However, the worrying tendency of running the two issues as one debate needs to be strenuously resisted as these are quite separate and distinct discussions.

On the subject of risk commissions, my question to Diana Clement is this; If commissions skew advice in the insurance space, why has the highest commission payer consisently failed to gather all the new business sales available?

To my mind making this an all-inclusive discussion is dangerous as NZ has a seriously underinsured population already and further barriers to disseminating financial protection benefits will ultimately rebound on the community. Pity the Australian consumer who faces three possible taxes in obtaining a combined benefits product via his employer - namely GST, Stamp Duty,and FBT. It says much for the utility of the product that there continues to be growth in sales, albeit at a level insufficient to address Australia's underinsurance issue. I can think of no other consumer product which has to bear this added expense, while seeking to relieve the State of the responsibility of tending for those citizens who are left in dire financial straits by death and/or disability.
In a similar vein, the Code Committee's proposal that the status of independence cannot be claimed if commission is made available is reasonable on the investment side of the industry, but has little relevance on the risk side. If we get caught in the tautological debate about the meaning of independence, we'll get nowhere fast - particularly with the consumer.
An autonomous entity can defined as being an enterprise undertaken or carried on without outside control and I propose that risk advisers be regarded as autonomous - at least those who operate without a contractual production obligation to any product provider(s). I agree that it is important that a consumer is able to identify the nature of the relationship between adviser and product provider, and that those who operate without autonomy should declare this, while those who are free to choose without quotas, targets, or similar obligations to be met should also define their status.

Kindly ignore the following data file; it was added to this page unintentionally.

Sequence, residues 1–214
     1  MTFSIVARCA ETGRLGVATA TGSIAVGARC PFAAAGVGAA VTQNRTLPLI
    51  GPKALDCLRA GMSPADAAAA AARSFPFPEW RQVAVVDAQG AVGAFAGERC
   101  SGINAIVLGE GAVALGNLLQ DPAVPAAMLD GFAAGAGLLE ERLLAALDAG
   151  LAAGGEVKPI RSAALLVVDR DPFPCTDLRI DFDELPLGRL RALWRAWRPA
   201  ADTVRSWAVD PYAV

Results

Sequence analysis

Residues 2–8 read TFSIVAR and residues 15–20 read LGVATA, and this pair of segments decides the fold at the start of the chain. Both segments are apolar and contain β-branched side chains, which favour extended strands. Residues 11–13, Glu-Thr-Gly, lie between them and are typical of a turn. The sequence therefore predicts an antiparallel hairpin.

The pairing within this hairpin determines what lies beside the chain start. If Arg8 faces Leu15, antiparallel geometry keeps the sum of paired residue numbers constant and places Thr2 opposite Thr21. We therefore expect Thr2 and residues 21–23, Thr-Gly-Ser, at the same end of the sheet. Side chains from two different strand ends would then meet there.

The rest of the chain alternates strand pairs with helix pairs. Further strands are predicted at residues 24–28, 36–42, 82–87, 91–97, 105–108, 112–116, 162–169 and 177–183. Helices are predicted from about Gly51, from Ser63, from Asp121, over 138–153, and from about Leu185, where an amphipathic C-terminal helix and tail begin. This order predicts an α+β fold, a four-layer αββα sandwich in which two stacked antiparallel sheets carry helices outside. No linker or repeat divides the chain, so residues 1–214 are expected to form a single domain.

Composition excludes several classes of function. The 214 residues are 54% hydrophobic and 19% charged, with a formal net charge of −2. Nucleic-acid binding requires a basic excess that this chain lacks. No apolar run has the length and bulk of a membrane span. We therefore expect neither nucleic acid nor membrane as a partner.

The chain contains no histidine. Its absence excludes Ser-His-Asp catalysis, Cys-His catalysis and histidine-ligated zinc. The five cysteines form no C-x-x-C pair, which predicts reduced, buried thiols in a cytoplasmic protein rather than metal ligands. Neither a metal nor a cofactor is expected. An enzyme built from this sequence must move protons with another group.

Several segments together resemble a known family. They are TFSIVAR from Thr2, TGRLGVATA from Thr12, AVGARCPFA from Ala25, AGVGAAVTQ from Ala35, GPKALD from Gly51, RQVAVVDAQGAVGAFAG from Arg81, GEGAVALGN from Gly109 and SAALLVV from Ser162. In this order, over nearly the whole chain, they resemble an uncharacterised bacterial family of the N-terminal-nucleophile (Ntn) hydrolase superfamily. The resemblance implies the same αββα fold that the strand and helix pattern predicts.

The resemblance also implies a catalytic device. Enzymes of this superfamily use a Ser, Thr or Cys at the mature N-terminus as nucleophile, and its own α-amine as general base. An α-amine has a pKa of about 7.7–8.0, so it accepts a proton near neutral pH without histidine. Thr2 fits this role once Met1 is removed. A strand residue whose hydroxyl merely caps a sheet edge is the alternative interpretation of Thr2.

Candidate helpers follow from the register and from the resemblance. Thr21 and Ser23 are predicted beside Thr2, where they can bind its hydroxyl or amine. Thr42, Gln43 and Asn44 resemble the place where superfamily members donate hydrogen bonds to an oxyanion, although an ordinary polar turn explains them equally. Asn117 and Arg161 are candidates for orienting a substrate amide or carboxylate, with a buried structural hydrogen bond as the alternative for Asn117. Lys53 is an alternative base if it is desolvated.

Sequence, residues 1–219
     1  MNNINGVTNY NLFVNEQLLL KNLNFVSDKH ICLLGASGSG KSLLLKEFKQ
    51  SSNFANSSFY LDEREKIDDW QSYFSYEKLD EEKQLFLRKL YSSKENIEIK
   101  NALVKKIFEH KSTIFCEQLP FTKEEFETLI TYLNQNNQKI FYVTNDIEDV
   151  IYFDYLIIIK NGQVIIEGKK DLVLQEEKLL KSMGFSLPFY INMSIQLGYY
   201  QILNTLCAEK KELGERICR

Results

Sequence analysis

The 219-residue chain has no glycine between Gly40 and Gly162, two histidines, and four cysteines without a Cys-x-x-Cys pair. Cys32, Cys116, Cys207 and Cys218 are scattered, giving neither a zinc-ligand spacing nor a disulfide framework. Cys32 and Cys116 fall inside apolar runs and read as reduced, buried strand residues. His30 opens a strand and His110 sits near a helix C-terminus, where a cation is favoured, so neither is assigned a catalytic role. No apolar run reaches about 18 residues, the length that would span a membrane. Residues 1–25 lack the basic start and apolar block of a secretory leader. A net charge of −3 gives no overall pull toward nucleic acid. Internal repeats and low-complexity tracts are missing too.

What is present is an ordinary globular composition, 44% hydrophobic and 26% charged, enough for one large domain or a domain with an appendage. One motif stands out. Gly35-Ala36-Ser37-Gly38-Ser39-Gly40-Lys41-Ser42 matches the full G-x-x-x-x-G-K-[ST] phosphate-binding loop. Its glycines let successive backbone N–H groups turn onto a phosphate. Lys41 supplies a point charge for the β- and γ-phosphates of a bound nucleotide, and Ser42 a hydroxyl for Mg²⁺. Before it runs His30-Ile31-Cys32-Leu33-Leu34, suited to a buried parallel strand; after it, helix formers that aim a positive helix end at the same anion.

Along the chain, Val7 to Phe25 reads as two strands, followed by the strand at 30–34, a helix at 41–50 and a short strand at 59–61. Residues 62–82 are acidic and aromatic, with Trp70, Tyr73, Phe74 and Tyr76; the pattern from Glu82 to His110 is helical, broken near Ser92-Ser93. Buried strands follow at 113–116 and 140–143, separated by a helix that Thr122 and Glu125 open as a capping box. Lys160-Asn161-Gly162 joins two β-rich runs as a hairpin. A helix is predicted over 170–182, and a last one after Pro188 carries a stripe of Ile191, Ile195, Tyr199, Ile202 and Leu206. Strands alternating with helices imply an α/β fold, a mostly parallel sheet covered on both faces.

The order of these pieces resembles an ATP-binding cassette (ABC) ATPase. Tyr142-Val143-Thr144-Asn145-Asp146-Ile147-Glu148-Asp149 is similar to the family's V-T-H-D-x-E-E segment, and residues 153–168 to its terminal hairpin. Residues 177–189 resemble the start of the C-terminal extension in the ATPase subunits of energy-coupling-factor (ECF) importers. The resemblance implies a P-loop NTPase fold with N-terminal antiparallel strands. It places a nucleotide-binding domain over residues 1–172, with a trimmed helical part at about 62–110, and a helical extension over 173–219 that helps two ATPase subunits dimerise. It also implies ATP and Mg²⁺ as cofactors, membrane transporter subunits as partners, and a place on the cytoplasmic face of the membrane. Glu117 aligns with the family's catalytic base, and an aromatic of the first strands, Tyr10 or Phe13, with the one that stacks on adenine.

No doubt more ink will be spilled in the debate, but I urge the separation of the investment and risk debates to avoid confusion, misunderstanding, and overlap.
On 4 December 2009 at 2:13 pm Brent Weenink said:
Phil, you "ask' the question... "Many sales people are remunerated on a commission, or partial commission basis, so why can’t advisers?" I think this is a good question, and perhaps not enough people are asking or answering it.

The reason, respectfully, is that advisors are fiduciaries, and have fiduciary oblugations. Sales people aren't fiduciaries, and don't have the same obligations. It is these fiduciary obligations that require an advisor to act in the best interests of a client, to obtain client consent to all remuneration received as a result of the relationship, and to avoid any suggestion of being in a conflict of interest. Salepersons are not subject to any of those duties, but are free to "sell" the product. The "leveller" being that with a saleperson, the client knows they are being sold a product, and aren't relying on or trusting that saleperson for independant advice or analysis (which is the source of a fiduciary obligation).

You also refer to stockbrokers (I'm not one incidentally). Stockbrokers are clearly fiduciaries and are subject to those same obligations. However, in fairness, the industry is far more aware of it's fiduciary obligations than most of the financial advisory sector. That is mainly because there are prescribed rules and procedures around these fiduciary obligations enshrined in the NZX Rules and enforced by NZX.

Much of the debate seems to confuse commission which is charged to and paid by the client (e.g. stockbroking), with commission received or rebated to advisors from 3rd parties other than the client (such as finance companies). It is the source and, partly, the dislosure of remuneration, which is the main issue - not so much the formula by which it is calculated (although I agree there are some issues with transaction based calculations).

Don't mean to disagree - but it's an interesting topic.
On 5 December 2009 at 9:30 am Independent Observer said: